Earlier this month, SIGOPS announced that it had selected the paper, “Spanner: Google’s Globally-Distributed Database” for the 2022 SIGOPS Hall of Fame Award, an honor bestowed on the most influential Operating Systems papers published by the organization.
In giving this award, the award committee stated:
“Spanner showed how to balance the requirements of consistency, availability, and partition tolerance for a globally replicated transactional database system. In doing so, Spanner simplified the implementation of a range of higher level services which could then scale across the planet through a familiar and powerful transactional API. The key insights of leveraging clock synchronization using TrueTime and a dedicated, redundant, high-capacity datacenter WAN distinct from the public Internet as the basis for scaling remain fundamental design patterns today.”
As one of the original authors of the paper, to say that I am humbled by this award is an understatement. It’s also taken me on a trip down memory lane, and gotten me thinking about all the ways — expected and unexpected — that Spanner has influenced not only how Google builds its applications, but also how it’s simplified application design and operations for organizations that aren’t running at hyperscale.
From very early on — think early 2000s — one of Google’s biggest challenges was scaling its software to keep up with the rapid growth of the internet. We needed a database that scaled, that could be built with a small team. Those needs led to Bigtable and the NoSQL movement: a feature-lean database that performed and scaled.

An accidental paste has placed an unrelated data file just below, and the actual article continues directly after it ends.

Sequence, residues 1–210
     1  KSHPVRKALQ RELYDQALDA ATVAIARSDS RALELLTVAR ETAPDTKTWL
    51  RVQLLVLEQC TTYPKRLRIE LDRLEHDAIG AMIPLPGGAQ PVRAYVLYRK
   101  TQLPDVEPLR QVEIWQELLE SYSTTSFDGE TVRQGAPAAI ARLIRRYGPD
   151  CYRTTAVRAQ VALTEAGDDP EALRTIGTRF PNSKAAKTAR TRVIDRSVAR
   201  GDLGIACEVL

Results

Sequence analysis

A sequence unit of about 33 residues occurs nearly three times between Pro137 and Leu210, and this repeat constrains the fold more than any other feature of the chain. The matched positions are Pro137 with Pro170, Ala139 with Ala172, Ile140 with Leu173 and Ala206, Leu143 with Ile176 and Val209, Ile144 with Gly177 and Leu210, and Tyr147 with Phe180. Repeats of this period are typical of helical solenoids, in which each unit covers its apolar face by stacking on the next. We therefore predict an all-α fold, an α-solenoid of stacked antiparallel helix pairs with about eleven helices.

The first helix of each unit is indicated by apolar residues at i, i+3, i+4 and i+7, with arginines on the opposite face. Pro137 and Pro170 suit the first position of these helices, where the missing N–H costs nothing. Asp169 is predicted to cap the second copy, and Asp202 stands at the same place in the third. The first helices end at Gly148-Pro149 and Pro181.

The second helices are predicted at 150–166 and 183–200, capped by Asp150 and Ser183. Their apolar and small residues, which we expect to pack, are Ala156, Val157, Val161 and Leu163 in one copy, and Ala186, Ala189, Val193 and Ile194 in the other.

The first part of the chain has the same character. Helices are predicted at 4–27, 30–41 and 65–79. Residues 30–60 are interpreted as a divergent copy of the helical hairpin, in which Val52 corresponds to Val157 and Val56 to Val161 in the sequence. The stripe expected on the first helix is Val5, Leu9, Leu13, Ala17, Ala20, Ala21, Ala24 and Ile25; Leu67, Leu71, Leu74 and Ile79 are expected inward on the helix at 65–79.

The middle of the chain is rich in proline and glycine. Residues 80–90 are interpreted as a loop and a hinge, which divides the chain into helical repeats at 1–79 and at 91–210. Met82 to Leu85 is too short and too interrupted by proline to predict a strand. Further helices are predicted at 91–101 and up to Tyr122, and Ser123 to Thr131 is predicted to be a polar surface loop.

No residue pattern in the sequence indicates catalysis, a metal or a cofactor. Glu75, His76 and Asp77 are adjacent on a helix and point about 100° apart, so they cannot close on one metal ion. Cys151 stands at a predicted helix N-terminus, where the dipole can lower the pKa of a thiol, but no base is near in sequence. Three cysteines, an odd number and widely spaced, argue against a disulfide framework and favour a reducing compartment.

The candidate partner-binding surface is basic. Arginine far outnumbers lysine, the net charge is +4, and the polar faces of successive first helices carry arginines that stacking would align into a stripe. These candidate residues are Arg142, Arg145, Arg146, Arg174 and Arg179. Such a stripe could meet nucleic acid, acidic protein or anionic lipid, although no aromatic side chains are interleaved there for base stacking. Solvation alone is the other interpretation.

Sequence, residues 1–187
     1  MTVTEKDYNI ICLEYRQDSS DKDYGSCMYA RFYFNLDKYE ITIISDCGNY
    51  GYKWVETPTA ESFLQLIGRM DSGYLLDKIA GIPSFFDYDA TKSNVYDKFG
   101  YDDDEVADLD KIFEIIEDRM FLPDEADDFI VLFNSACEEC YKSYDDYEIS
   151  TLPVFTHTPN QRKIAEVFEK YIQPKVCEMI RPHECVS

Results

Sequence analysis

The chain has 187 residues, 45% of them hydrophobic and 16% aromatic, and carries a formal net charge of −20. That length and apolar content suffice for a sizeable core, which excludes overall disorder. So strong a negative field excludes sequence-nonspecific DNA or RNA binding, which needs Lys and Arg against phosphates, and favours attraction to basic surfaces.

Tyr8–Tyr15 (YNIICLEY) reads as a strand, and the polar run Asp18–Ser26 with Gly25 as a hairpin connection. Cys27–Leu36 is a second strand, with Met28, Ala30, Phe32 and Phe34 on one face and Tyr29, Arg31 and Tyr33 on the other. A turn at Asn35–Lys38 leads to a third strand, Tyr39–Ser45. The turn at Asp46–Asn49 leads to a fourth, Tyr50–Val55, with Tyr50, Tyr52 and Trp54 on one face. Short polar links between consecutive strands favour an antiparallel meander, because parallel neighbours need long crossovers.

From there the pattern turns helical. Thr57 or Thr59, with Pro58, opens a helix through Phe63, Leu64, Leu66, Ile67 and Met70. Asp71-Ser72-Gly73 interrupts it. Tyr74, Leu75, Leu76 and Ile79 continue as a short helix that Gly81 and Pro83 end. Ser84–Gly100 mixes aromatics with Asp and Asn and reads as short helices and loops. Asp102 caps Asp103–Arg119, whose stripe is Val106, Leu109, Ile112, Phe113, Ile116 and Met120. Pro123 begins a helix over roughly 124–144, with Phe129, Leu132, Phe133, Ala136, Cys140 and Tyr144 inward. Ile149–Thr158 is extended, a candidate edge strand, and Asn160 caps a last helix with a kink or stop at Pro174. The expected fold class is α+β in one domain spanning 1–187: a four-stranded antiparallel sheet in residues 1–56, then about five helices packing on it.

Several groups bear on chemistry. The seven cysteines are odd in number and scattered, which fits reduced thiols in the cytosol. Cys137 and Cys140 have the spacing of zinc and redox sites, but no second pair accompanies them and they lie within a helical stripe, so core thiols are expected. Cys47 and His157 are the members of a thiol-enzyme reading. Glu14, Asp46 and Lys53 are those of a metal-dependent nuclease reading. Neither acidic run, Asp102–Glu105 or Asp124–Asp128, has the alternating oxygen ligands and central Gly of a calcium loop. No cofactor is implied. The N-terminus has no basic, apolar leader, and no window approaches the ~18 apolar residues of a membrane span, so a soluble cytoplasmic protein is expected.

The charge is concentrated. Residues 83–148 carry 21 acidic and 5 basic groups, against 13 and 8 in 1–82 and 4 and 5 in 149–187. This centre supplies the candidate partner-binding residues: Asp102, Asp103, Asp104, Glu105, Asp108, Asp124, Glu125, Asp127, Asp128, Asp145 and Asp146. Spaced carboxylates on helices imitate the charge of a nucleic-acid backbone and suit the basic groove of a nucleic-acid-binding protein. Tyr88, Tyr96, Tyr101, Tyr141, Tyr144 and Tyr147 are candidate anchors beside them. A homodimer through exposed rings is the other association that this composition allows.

But as Google grew, and entered other lines of business, our priorities evolved. We needed to simplify the jobs of our ever-larger engineering staff and support business-critical services like the AdWords and Payments platforms, as well as then-new consumer products like Gmail. To do that, we knew we had to give our product teams database features like ACID transactions, multi-region consistency, schema-declared invariants, SQL, and more — without compromising on cost or scale. At the time it was an outrageous goal, but with our experience building Bigtable and Megastore, as well as new innovations like TrueTime, we knew it could be done – and it was clear talking to our internal customers that it needed to be done.
Like most good software, our plans for Spanner really came together when we found our first serious customer: AdWords. At the time, Google’s entire advertiser-facing interface was sharded across MySQL instances on specially acquired hardware. Ads had just completed a very challenging resharding project to accommodate Google’s growing business, and was resolute in its desire to never do it again. So the Spanner team and Ads partnered on a project, called F1, to transparently move the entire AdWords stack from MySQL to Spanner.
By 2012, when we published the Spanner paper, we had just completed the migration of AdWords frontend traffic to the new Spanner backend, and we knew we had the seed of something really interesting. Since then, we have been rapidly improving Spanner in every dimension. Google, like most businesses, needs databases that are fully managed, easy to deploy, highly available, and robust in the face of any workload. Google services set a high bar: Spanner stores a copy of the Internet (actually several, at different stages of the indexing pipeline) and is the bedrock of availability and durability for billions of users that depend on Google in their daily lives.